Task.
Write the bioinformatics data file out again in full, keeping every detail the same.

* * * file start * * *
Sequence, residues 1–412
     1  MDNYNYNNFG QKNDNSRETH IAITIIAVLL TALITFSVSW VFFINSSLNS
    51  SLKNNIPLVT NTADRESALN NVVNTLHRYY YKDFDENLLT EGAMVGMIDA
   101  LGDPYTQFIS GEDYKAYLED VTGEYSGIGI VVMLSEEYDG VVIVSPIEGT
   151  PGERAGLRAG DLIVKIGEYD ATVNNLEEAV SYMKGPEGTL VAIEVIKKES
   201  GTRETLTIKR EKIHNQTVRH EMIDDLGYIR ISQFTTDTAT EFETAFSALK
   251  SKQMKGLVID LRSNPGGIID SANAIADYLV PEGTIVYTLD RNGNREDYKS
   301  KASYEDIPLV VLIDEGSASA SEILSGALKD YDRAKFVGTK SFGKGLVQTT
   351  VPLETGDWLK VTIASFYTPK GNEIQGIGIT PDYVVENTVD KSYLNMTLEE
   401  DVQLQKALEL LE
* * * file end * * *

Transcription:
Sequence, residues 1–412
     1  MDNYNYNNFG QKNDNSRETH IAITIIAVLL TALITFSVSW VFFINSSLNS
    51  SLKNNIPLVT NTADRESALN NVVNTLHRYY YKDFDENLLT EGAMVGMIDA
   101  LGDPYTQFIS GEDYKAYLED VTGEYSGIGI VVMLSEEYDG VVIVSPIEGT
   151  PGERAGLRAG DLIVKIGEYD ATVNNLEEAV SYMKGPEGTL VAIEVIKKES
   201  GTRETLTIKR EKIHNQTVRH EMIDDLGYIR ISQFTTDTAT EFETAFSALK
   251  SKQMKGLVID LRSNPGGIID SANAIADYLV PEGTIVYTLD RNGNREDYKS
   301  KASYEDIPLV VLIDEGSASA SEILSGALKD YDRAKFVGTK SFGKGLVQTT
   351  VPLETGDWLK VTIASFYTPK GNEIQGIGIT PDYVVENTVD KSYLNMTLEE
   401  DVQLQKALEL LE